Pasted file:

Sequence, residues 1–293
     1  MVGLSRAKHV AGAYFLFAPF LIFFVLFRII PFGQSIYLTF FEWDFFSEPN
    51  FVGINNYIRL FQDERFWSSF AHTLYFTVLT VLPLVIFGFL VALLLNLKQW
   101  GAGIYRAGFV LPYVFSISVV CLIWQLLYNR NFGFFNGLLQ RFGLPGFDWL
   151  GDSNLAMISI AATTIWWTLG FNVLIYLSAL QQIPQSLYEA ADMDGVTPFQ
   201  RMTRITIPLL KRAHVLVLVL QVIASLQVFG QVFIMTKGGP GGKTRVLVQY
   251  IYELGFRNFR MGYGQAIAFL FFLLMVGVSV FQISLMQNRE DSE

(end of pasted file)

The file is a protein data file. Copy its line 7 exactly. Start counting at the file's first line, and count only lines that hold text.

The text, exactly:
   251  IYELGFRNFR MGYGQAIAFL FFLLMVGVSV FQISLMQNRE DSE